You don’t need to see the Mini badge to know the Countryman is related to the stylish hatchback that BMW reinvigorated way back in 2001. The Countryman is bigger inside and out that it’s Hatchback sibling because it’s technically an SUV. You still won’t have any trouble getting this one into parking spaces or down country lanes as it’s really just a slightly pumped-up family car. Its closest rivals are the SEAT Ateca and Fiat 500X.
Every Countryman gets alloy wheels of varying sizes as standard, along with chrome-effect trim around the headlights and grille, roof bars and cladding on the wheel arches and door sills, all of which lend it a quasi-SUV look. A 2020 facelift added Union Flag rear lights and altered the bumpers and grille - because you can’t have a Mini without some hint of British style.
You can’t have a Mini without some hint of British style.
What’s it like to drive?
It may take you a little while to find the perfect driving position in the Mini Countryman. The seat and steering wheel are easily adjusted, so you’ll soon feel at home. A higher centre of gravity often means SUVs don’t tend to handle as well as conventional hatchbacks. The Mini Countryman is one of the better examples, with all of the engines having enough power to help the Mini keep up with traffic, even when fully loaded.
The earlier, Mk1 version of the Countryman had a particularly firm ride quality. That was improved with the Mk2, and these make up the bulk of the cars you’ll find at cinch. The Countryman’s good body control inspires confidence when you’re heading down a twisty B-road or just cruising on the motorway. Its direct steering helps to make parking easier. Some models have the option of All4 four-wheel drive, which improves traction on poor surfaces.
Countryman’s good body control inspires confidence when you’re heading down a twisty B-road.
The ‘new’ Mini’s interior has always looked classy, thanks to retro styling and quality materials, and the Mk2 Countryman’s is no exception, with lots of soft-touch plastics, leather and a few metal bits, depending on trim level or option pack. The dashboard is dominated by a circular binnacle that contains a rectangular screen (6.5 inches or 8.8 inches) and audio controls. Below this are the rotary ventilation controls and toggle switches. The latest cars put another digital display ahead of the driver.
As standard, you get Bluetooth connectivity, air-con, cruise control and a DAB radio. Packs such as Chili, Comfort, Navigation and Tech add all manner of goodies, while on most models the Tech Pack adds parking sensors, heated front seats and upgrades the stereo. Have a look at ‘car features’ to see which is fitted to the Minis on cinch. Later models have Apple CarPlay and sat-nav as standard.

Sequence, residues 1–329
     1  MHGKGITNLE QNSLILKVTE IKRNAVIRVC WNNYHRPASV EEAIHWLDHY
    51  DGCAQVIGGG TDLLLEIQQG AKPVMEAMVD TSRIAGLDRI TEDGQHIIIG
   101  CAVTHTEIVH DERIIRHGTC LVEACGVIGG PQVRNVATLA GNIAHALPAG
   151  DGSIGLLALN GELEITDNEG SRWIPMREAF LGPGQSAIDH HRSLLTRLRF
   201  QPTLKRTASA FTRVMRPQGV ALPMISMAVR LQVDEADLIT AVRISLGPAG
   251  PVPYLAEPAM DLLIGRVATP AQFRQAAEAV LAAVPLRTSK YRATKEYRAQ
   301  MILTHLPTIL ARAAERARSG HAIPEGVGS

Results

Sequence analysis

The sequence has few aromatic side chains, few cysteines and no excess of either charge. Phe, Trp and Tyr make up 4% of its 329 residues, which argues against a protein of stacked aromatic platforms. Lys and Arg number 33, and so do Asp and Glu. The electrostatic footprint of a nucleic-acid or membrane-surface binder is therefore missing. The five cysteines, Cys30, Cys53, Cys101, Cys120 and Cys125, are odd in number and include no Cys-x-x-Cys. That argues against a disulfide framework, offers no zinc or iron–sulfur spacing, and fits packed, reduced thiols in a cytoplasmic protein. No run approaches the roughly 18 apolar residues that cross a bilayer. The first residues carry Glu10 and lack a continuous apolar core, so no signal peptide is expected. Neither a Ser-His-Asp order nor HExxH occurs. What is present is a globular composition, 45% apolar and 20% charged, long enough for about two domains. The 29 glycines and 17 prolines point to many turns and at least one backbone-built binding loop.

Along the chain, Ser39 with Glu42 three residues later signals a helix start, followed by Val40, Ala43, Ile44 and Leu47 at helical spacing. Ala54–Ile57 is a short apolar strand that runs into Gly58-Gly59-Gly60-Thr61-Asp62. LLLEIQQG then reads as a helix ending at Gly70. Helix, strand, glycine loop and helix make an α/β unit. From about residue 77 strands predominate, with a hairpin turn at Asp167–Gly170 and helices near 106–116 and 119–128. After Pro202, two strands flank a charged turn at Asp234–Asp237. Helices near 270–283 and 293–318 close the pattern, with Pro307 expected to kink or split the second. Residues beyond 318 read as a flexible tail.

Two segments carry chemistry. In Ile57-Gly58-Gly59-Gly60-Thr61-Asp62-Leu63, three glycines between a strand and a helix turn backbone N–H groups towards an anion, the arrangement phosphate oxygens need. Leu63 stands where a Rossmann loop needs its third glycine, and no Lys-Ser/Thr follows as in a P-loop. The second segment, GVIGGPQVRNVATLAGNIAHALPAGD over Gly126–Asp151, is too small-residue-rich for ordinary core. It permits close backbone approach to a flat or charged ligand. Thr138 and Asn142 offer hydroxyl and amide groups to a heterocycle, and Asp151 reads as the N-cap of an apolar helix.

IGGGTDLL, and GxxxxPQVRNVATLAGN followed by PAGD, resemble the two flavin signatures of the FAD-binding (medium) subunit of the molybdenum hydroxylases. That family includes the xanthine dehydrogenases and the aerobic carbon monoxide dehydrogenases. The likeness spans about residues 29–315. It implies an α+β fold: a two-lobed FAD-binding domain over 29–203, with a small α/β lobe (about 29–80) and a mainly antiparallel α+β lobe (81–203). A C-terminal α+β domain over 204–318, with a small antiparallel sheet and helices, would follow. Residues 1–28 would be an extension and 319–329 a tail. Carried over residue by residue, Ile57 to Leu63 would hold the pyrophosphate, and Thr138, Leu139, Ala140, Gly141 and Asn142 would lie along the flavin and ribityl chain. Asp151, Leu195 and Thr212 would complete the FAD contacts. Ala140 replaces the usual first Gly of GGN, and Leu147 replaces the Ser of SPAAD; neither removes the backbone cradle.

You’ll find much more space on offer inside the Countryman than the regular Mini hatchback. In fact, accommodation is on a par with that of the Audi Q2. There’s decent leg and headroom when you’re in the supportive front seats, while two adults will be happy with the space on offer in the rear. A third, centre, passenger won’t be very comfortable for long on the raised perch, though
Up front you’ll find a couple of cup holders to cradle your morning coffee, a reasonable glovebox and enough space in the door bins for a few bits and bobs. Rear-seat passengers also get door bins, perfect for their road-trip snacks.
Those rear seats are split 40/20/40 and the Activity Pack allows them to be reclined at different angles and slide to boost legroom or boot space.
Speaking of which, the Mk2 Countryman’s boot will hold 450 litres with seats in place and 1390 litres with the seat backs folded – plenty of space for your luggage or camping gear. That’s better than the Mk1 Countryman, though not quite on par with the SEAT Ateca. Find a car with the Storage Compartment Pack and you’ll get nets and straps to keep your shopping in place, plus boot floor that adjusts for height.
Running costs and reliability
Most versions of the Countryman come with a choice of front or all-wheel drive, although the PHEV plug-in hybrid is ALL4 only. The 1.5 turbo petrol in the Cooper returns around 45mpg, officially, while the 2.0-litre turbo in the Cooper S will give you around 40mpg.
The diesel Cooper SD sips less fuel, at close to 55mpg on average. The real star is the PHEV plug-in hybrid, with an official WLTP figure of 141.2mpg. That’s very much dependant on how often you keep its battery topped up and whether you do short journeys at lower speeds (a good thing) or longer motorway trips (not so great in a hybrid car) – so bear that in mind before you expect miraculous figures.
What cinch loves
We love the fact that Mini makes a car that’s practical enough for families. Unlike many SUVs, the Countryman is genuinely fun to drive – the downside is a firmer ride quality than you’ll find in most of its rivals, but it smooths away most ruts and bumps without fuss. We also love the Countryman’s styling and we’ll never get bored looking at the retro dashboard.
The Countryman is a fine choice for families or just someone who craves the extra practicality that’s missing in the hatchback.